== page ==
arterial blood gases dr james f peerless march 2013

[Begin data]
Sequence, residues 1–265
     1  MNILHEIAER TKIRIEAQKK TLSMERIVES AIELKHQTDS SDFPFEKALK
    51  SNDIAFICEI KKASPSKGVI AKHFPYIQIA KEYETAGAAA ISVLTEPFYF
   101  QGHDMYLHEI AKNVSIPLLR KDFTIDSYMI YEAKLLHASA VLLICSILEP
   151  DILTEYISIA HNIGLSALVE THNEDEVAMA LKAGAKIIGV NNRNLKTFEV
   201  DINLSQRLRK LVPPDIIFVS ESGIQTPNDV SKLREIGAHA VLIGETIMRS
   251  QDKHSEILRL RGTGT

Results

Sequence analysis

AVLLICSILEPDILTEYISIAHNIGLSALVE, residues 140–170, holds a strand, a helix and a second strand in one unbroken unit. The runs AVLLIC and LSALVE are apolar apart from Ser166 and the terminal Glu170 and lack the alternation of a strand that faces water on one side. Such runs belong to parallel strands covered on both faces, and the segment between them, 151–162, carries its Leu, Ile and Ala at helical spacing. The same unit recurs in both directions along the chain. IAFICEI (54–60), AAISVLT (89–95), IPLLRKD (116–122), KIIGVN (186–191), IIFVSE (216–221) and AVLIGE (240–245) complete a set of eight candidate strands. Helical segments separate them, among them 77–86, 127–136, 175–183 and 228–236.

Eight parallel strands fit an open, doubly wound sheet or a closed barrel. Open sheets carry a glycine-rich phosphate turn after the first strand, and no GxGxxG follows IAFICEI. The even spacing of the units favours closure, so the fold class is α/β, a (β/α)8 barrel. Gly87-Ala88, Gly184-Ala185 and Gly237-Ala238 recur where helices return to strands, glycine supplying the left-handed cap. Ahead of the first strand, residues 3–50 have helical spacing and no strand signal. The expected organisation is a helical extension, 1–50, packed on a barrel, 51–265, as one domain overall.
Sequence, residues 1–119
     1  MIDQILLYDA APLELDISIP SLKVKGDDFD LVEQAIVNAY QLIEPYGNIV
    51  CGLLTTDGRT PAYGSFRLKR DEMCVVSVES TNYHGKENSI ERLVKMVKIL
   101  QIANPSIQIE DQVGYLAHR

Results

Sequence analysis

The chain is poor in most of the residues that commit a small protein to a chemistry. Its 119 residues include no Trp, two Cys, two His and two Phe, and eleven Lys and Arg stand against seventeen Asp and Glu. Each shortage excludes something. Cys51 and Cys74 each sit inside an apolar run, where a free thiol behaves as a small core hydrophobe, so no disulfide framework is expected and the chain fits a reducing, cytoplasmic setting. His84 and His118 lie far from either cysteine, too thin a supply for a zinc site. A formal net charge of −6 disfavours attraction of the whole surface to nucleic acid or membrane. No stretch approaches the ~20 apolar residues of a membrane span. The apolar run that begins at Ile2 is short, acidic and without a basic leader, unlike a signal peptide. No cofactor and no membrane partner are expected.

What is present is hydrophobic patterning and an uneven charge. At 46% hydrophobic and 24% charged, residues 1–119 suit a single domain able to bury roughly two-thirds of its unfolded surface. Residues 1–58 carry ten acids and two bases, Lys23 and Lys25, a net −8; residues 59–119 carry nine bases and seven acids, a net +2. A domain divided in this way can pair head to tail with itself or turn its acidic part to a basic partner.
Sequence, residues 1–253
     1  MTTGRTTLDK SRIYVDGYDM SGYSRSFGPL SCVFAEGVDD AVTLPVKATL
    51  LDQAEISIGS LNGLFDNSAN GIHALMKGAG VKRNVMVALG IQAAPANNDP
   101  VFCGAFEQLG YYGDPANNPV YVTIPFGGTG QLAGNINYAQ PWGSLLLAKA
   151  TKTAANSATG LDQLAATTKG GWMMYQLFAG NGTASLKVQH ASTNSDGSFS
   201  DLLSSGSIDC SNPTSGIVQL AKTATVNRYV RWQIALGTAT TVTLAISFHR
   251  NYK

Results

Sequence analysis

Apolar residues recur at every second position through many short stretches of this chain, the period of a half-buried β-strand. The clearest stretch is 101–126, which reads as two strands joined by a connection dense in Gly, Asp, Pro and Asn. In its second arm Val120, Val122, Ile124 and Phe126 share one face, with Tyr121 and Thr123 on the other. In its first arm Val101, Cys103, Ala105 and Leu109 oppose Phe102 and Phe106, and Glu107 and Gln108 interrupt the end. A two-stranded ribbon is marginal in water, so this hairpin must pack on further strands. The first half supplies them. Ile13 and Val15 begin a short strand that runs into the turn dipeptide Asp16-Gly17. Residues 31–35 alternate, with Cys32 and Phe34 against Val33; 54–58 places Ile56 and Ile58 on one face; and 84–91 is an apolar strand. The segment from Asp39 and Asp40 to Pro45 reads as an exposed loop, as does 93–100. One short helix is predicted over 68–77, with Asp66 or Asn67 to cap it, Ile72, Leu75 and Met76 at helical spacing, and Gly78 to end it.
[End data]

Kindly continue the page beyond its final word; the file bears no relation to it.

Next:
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Arterial Blood Gases Dr James F Peerless March 2013 Slide 2 Objectives Indications Acid-Base Physiology Procedure Interpretation Case Studies Other Useful Information Slide 3 What is an ABG? Blood test which measures the acid-base status and oxygen levels in the blood Calculated values pH P a O 2 P a CO 2 Other values now calculated or derived Commonly used in: Acute care Critical care Pulmonary medicine Slide 4 Indications Clinical indications Any unexpected deterioration in a patient Acute exacerbation of a chronic disease Impaired consciousness Impaired respiratory effort To Determine the cause of the illness Determine the severity of a condition Monitor the progress of a patient Slide 5 Acid-Base Balance Tight regulation required to ensure Enzyme function Ion distribution Protein structure Body pH maintained by several buffer systems Bicarbonate/ carbonic acid Phosphate Hb and plasma proteins Slide 6 Acid-Base Relationships The equation below shows the relationship between protons (H + ), bicarbonate (HCO 3 - ), water, and CO 2 H + + HCO 3 - H 2 CO 3 H 2 O + CO 2 In any given system, the reaction will tend towards an equilibrium, and the ratio of the reagents can be determined by knowing the dissociation constant and the pH. Slide 7 HendersonHasselbalch Equation In any given system, the reaction will tend towards an equilibrium, and the ratio of the reagents can be determined by knowing the dissociation constant and the pH. Slide 8 Acidaemia Slide 9 Alkalaemia Slide 10 Acid-base Regulation 4 components Initially Bicarbonate/ carbonic acid buffer system (MINUTES) Respiratory compensation Hyper/hypoventilation (MINUTES) Renal compensation Changes to H + and HCO 3 - secretion/retention (HOURS) Hepatic Ureagenesis (HOURS) AA metabolism HCO 3 - + NH 4 + 2HCO 3 - + 2NH 4 + NH 2 CONH 2 + CO 2 + 3H 2 O Slide 11 Blood Gas Analysis Slide 12 Acid-base Physiology Blood has a normal pH of 7.40 The normal range is between 7.35 and 7.45 Any pH that is lower than 7.35 is considered acidotic Acidosis: a state of being acidotic Acidaemia: a condition of having acidic blood Any pH that is higher than 7.45 is considered alkalotic Alkalosis: a state of being alkalotic Alkalaemia: a condition of having alkaline blood Slide 13 Normal Values pH7.35 7.45 P a CO 2 4.7 6.0 kPa P a O 2 >10 kPa HCO 3 - 22 26 mmol L -1 Base excess 2 mmol L -1 Slide 14 Primary Disturbance When determining the cause of acid-base disturbances, look at what process is the primary component pH 7.28 / P a CO 2 5.0 / HCO 3 - 18 pH 7.55 / P a CO 2 5.0 / HCO 3 - 38 pH 7.28 / P a CO 2 10.0 / HCO 3 - 24 pH 7.55 / P a CO 2 2.0 / HCO 3 - 24 Metabolic Alkalosis Metabolic Acidosis Respiratory Acidosis Respiratory Alkalosis Slide 15 Compensatory/Secondary Mechanism When one abnormal mechanism starts to push the pH into the abnormal range of either acidosis or alkalosis, a second process will try to push the pH back toward a normal value. Important features of compensation: Compensation is always in the opposite direction if the primary disturbance is respiratory, the secondary compensatory mechanism must be metabolic if the primary disturbance is metabolic, the secondary compensatory mechanism must be respiratory The compensation process never over-corrects the primary disturbance. If the pH appears to be over-corrected, there is an additional mixed primary disturbance. Slide 16 Compensation Respiratory compensation starts within 30 minutes and is maximal within 12 hours. Metabolic compensation takes about 3-5 days for maximal compensation. Kidneys are slower than lungs to make changes. Slide 17 The Davenport Diagram Displays the relationship between pH, P a CO 2 and HCO 3 - Explains the compensatory mechanisms that occur in acid-base balance. Slide 18 The Davenport Diagram Slide 19 Procedure Explanation to pt. Equipment Sterile gloves Chlorhexidine Heparinised syringe Allens Test Withdraw 1-2 mls Remove air, and cap off; pressure over puncture Get it to the machine within 10 minutes (iced samples: 1-2 hrs) Slide 20 Slide 21 Interpretation 8 Steps 1.Assess the patient 2.Identify the source Arterial, venous, (or mixed venous) 3.Check the pH Normal, acidaemia, alkalaemia 4.Assess the respiratory part pCO 2 (4.5 6 kPa) 5.Assess the metabolic part HCO 3 - (std) (22-26 mmol/L) Slide 22 Interpretation 8 Steps 6.Check the base excess the difference between the patients standard bicarbonate level and 24 normal range +/- 2 mmol/L 7.Check for compensation Complete or partial 8.Check the pO 2